Archives for category: Fashion Forward

Not in  New York for fashion week? If you happen to be flying through Atlanta’s international airport be sure to check out Nancy Judd’s Recycle Runway fashions.  Judd brings new life to things that have outlived their original purpose and displays these intricate items in high traffic locations like shopping malls and airports.

Aluminum Drop Dress


Photos by Eric Swanson

 

Jacket made from old cassette tape

(Photo by Sandrine Hahn)

(And this is a cassette tape, kids.)

 

 

Rusty Nails

Transformed!

(Photos Courtesy of Nancy Judd)

 

 

 

Hi, my name is Kim and when I am not crunching numbers away in my cubical I am secretly looking at fashion, design, and home improvement websites.  In all this time I have built up a little library I am excited to share with the ladies of the Textile Arts Center and all you loyal textile fans out there.  My entries will center around forward-thinking design which infultrates every part of our lives.  Isn’t it wonderful?

I was watching the Superbowl (only made it through the half-time show) wen Fergie’s outfit caught my attention.  It reminded me of a Dutch designer Iris Van Herpen whose 2011 designs defy all my pre-conceptions of clothing.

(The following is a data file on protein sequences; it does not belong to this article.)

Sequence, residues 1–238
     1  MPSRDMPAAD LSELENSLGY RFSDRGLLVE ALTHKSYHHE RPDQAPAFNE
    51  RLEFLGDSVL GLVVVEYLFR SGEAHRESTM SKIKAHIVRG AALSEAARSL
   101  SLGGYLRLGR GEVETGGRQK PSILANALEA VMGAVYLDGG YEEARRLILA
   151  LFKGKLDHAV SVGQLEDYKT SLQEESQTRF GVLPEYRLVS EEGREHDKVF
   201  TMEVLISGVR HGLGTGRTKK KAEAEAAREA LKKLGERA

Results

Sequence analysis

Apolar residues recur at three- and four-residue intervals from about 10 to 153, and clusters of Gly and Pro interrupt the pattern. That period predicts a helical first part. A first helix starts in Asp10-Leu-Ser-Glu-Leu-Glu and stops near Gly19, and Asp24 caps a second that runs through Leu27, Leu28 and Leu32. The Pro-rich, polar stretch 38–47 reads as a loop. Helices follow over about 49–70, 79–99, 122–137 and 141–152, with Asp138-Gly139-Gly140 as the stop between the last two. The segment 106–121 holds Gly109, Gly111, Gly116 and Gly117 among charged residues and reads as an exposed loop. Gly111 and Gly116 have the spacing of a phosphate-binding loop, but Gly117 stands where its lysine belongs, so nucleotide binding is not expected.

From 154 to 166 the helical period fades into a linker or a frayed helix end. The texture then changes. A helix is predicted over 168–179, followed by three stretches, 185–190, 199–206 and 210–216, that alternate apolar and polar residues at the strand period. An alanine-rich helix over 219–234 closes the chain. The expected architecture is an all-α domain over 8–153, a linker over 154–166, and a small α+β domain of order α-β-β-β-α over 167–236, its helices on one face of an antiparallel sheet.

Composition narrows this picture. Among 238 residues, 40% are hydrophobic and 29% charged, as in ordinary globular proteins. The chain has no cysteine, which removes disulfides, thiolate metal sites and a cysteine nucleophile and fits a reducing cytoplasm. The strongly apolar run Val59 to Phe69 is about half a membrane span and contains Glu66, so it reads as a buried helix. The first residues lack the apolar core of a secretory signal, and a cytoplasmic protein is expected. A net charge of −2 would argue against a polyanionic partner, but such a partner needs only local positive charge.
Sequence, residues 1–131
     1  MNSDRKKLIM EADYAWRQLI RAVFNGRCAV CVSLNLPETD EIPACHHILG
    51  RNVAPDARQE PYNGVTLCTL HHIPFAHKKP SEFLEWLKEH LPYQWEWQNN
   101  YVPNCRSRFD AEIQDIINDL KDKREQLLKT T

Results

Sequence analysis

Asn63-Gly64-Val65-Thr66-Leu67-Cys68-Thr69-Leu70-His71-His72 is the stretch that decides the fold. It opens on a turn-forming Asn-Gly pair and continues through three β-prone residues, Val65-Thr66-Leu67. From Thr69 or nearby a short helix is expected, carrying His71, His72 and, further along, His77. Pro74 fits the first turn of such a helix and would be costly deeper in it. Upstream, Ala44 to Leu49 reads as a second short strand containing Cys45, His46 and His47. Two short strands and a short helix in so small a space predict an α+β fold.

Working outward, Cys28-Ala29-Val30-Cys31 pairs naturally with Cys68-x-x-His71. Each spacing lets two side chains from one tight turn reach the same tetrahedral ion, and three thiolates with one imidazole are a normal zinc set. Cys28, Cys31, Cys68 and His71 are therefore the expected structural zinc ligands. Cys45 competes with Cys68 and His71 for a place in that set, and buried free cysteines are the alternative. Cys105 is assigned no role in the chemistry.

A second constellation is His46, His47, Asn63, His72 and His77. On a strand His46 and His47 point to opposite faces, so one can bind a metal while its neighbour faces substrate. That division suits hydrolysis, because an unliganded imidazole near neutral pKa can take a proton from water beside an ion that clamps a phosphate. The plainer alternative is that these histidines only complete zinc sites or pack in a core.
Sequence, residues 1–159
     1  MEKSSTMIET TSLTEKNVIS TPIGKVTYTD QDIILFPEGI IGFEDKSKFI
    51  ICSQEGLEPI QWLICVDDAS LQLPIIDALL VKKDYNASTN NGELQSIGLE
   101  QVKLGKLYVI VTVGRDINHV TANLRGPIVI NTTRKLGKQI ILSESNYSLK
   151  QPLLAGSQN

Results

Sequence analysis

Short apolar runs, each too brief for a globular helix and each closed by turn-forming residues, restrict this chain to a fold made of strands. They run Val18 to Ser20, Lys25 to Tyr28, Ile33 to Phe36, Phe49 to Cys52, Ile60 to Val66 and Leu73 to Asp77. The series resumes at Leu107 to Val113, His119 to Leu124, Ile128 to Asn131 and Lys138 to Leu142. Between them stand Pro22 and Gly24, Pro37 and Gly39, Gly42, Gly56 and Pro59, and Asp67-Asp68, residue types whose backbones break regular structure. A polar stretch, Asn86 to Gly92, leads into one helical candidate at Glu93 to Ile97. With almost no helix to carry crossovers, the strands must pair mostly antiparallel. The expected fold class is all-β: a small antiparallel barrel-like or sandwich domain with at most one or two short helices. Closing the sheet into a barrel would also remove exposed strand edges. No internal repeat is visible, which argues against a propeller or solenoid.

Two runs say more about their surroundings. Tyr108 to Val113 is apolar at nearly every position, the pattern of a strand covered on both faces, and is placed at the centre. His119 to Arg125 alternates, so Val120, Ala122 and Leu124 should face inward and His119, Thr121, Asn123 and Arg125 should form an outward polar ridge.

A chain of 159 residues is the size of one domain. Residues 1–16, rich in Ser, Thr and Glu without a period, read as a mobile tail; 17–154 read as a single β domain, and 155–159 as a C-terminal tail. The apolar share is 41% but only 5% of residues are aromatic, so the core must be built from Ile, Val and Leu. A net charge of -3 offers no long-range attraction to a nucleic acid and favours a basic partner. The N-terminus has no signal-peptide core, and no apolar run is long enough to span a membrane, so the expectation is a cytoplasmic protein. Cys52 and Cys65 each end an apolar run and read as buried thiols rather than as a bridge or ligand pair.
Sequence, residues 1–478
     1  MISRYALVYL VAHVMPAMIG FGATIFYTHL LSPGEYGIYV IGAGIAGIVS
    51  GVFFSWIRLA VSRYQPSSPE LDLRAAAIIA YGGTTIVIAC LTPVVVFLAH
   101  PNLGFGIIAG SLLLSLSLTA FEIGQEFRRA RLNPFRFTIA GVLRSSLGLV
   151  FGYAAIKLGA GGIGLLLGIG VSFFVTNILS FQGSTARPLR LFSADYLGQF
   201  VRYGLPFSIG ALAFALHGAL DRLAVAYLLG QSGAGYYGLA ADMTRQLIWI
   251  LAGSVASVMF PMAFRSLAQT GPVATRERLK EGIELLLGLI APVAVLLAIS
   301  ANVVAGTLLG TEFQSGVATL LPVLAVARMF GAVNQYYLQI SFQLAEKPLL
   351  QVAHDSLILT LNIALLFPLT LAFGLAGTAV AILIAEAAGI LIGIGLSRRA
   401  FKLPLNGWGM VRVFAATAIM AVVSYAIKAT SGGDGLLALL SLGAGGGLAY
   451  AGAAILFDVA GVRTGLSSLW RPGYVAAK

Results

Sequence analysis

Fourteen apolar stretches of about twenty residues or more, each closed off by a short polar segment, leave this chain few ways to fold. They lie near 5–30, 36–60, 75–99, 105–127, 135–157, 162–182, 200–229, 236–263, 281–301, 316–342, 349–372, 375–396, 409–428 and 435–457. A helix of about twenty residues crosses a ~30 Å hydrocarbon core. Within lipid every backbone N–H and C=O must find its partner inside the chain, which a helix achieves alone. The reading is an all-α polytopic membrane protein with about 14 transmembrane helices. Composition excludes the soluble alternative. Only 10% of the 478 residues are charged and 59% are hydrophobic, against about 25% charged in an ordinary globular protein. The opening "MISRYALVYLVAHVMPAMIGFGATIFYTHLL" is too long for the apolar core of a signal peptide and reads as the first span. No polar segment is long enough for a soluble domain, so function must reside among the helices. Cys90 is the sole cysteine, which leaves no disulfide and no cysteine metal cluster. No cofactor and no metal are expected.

Let’s face it: curvy clothing is back.  We were given these bodies, why not accentuate the best parts of us…in futuristic wear.

It’s been nasty out lately – snow, snow showers, slushy snow, freezing rain.. Well, you know!!  And even if this is my 3rd Winter in NYC, my wardrobe is still not prepared for this weather (talk about Winter denial..).

And it was with wet weather on my mind that I came across the exhibition ” Beauty Born of Use: Natural Rainwear from China and Japan”, now on view at the Textile Museum of Canada. The exhibition features examples of rainwear made in mid 20th century in China and Japan. The garments were made using plant materials that were available locally and renewable, like bamboo, tree barks, reeds, etc, without compromising in a bit the fantastic design.

Rain cape, rice straw, bast fiber, cotton, China, mid 20th century

According to the Textile Museum’s most recent educational tool, Social Fabric (please make a minute to check it, it’s so worth it!), this cape was made using rice straw that was folded and stitched together, assuming the appearance and functionality of a thatched roof. People in remote areas of China still wear these capes to this day.